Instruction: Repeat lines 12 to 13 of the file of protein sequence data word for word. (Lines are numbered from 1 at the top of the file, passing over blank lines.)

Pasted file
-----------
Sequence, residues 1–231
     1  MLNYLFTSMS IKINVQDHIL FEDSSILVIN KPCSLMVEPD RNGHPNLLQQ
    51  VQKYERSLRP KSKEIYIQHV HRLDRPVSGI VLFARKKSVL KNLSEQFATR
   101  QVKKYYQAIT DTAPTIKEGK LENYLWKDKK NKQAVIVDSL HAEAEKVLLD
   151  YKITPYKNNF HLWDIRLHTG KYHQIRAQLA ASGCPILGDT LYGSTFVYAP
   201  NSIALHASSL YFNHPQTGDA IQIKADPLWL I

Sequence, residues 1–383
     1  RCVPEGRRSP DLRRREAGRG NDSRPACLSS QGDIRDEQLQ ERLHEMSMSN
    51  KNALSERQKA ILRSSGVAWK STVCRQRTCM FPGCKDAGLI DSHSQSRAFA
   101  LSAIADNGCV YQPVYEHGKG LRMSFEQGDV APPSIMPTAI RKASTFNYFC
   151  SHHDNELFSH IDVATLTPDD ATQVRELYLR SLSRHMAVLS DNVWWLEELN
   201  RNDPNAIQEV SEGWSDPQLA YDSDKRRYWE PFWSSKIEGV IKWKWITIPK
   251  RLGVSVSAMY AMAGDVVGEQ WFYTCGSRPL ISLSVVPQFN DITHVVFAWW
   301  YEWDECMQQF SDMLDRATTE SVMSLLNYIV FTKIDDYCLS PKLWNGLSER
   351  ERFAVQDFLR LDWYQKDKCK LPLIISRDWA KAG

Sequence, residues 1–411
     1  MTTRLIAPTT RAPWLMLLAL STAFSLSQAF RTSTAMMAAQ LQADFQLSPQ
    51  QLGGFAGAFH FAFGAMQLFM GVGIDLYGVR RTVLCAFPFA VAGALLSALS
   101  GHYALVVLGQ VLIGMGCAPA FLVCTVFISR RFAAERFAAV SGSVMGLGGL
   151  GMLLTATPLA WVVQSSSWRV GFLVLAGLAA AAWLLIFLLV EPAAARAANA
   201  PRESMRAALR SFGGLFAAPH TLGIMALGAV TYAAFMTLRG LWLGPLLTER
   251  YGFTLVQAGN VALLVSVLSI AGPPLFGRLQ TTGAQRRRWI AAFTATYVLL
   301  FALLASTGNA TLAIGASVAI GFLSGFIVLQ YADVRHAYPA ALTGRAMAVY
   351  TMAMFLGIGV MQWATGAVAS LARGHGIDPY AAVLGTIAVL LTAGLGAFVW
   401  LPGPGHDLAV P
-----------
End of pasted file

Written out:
   201  RNDPNAIQEV SEGWSDPQLA YDSDKRRYWE PFWSSKIEGV IKWKWITIPK
   251  RLGVSVSAMY AMAGDVVGEQ WFYTCGSRPL ISLSVVPQFN DITHVVFAWW